“Status quo, you know, is Latin for ‘the mess we’re in’.”
Research and Development
We are continually striving to improve our courses to ensure that they are relevant and that the content, as well as the teaching and learning process, is world class. In addition, we want to develop new courses that meet current needs and anticipate new needs.
Thus far in terms of teaching and learning we have invested in a mixed mode with integrated technology. As far as new courses go, we have a Lifestyle coach course, a sport and recreation management degree for next year and an exercise degree follows. For the degrees you can use your exiting qualification to access the programme with the additional benefit of discounts and credit transfers.
What do you think? How can we improve our existing courses and methods of delivery? What new ones do you suggest?
Surviving to Thriving – Mental Toughness (Steve Harris)
Chapter 1. WHY SURVIVING TO THRIVING? (Continued from last week)
Do not stand out for the wrong reasons
You may recall Euro 2016 when many English football spectators stood out because they behaved shamefully. The English team also performed dreadfully on the field. These are the wrong reasons to stand out. They went on to lose against the minnows – Iceland. You might also be critical of the way the English rugby team crumbled in the final of Rugby World Cup 2019 after being the most impressive team in the tournament.
Stand out for the right reasons
England produced a remarkably good performance at the 2018 FIFA World Cup by getting to the semi-finals. They performed superbly at, and won, the 2019 Cricket World Cup.
In recent Olympic Games many English athletes have produced outstanding performances. Did the English selectors suddenly unearth better performers? I don’t think so. I am reliably informed that their sport scientists analysed every aspect of performance to identify where their performers could capture small gains. According to Jonathan Edwards, former Team Great Britain Olympic athlete, capturing those tiny improvements became the mantra of the team management (Kelso, 2016). In other words, they squeezed marginal gains out of athletes.
Improve everything you do by 1%
I will continue with England as our example. An English team cyclist had not won the Tour De France until 2013. It was then that, newly appointed, professional cycling manager, David Brailsford, challenged his cyclists to improve everything they did by 1%.
I have no evidence to prove that his challenge is directly attributable to their subsequent wins but there is certainly a correlation. They went on to produce many winning performances. If you calculate the winning percentages of their winners – Wiggins, Froome and Thomas – it is around 0.05%. The seventh winner in this sequence was Bernal, a Columbian not an Englishman this time, but also in David Brailsford’s team.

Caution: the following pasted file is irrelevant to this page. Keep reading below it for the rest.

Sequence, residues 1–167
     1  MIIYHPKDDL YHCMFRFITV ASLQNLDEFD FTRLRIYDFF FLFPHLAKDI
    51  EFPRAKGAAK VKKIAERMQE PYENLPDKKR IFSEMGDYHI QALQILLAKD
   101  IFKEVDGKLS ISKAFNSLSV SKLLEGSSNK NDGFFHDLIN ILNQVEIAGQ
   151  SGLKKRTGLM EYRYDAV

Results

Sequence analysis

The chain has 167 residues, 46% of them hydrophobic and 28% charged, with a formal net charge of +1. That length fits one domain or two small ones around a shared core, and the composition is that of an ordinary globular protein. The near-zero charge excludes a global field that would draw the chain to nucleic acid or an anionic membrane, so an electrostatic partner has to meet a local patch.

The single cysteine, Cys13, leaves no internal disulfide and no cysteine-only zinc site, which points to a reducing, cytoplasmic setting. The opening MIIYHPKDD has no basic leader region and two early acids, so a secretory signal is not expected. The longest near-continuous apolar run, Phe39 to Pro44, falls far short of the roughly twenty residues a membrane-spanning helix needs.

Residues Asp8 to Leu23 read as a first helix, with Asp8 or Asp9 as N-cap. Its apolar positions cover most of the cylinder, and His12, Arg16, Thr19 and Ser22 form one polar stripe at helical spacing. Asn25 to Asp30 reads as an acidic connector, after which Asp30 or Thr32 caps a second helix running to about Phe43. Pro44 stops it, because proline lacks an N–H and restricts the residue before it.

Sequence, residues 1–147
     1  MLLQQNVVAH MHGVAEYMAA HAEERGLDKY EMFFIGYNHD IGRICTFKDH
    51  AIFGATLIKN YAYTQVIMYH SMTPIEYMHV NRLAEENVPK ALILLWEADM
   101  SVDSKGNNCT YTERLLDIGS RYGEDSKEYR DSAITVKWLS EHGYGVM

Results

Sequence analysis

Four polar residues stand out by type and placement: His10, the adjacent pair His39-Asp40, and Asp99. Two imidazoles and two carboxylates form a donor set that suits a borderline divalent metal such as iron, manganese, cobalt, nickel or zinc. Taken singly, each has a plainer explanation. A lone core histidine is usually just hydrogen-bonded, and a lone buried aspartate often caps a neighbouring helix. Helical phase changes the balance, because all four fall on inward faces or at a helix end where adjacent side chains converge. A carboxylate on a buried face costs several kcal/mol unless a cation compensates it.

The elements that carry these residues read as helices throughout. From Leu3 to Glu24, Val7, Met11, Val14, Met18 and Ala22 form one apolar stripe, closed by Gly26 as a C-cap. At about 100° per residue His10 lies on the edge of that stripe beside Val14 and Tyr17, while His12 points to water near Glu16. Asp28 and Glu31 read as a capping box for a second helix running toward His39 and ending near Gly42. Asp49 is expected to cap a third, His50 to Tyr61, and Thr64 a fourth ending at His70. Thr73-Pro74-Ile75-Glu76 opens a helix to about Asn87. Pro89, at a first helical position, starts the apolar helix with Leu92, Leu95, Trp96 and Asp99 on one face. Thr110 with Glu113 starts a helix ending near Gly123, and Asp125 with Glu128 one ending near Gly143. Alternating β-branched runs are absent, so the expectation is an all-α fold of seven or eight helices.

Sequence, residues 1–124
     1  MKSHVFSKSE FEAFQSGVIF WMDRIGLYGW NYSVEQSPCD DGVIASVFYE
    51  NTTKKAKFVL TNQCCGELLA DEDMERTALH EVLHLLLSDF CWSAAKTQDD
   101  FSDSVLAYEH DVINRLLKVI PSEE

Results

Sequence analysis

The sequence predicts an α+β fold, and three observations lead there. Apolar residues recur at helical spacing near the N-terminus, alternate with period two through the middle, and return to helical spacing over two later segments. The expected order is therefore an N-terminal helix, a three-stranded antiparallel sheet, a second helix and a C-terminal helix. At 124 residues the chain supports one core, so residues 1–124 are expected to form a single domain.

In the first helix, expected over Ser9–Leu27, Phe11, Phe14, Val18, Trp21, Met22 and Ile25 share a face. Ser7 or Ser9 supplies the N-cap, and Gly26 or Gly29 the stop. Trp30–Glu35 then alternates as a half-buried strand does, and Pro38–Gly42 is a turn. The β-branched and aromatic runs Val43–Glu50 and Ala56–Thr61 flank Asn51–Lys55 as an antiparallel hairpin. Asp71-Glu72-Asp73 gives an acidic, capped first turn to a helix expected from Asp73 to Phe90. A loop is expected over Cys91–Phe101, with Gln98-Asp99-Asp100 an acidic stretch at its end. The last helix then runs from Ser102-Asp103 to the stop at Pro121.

Former Jamaican sprinter, Usain Bolt, always stood out. Whenever he competed, he was inevitably the favourite to win the 100-metre race. On closer examination, you will find that his winning times were often close to the rest of the field’s.
Sport scientist, Professor Ross Tucker, claims that the winning margin between a gold medal sprint winner and the fourth-placed competitor is usually extremely small. Tucker writes that there is a 0, 5% difference between immortality and anonymity (Tucker, Immortality and Anonymity, 2013). The difference in success status is huge. The winner receives fame and fortune, and the medal less fourth-placed competitor usually remains anonymous. The question that begs is: Can you improve everything you do by 1%?
The inches we need are everywhere
Let us call these winning margins the inches that make the difference. In the movie Any Given Sunday (1999), Al Pacino plays the role of an NFL coach. He gives an impassioned speech at half time in a crucial game about the inches that make the difference between winning and losing. He claims, “In life or football, the margin for error is so small. I mean one-half step too late or too early and you do not quite make it. One half second too slow or too fast and you do not quite catch it. The inches we need are everywhere around us. They are in every break of the game, every minute, every second. On this team, we fight for that inch. On this team, we tear ourselves and everyone else around us to pieces for that inch. We claw with our fingernails for that inch, because we know when we add up all those inches that’s going to make the difference between winning and losing.”
Al Pacino may be right when he claimed the inches, we need are everywhere, but can we identify them? We need to respect that the concept of inches cuts both ways. A small change (warming) in global temperature can transform rigid ice into flowing water with disastrous consequences to the world as we know it.
Have you identified the “inches” that stand between surviving and thriving for you? Write to us and let us know.
Dr Steve Harris | eta College CEO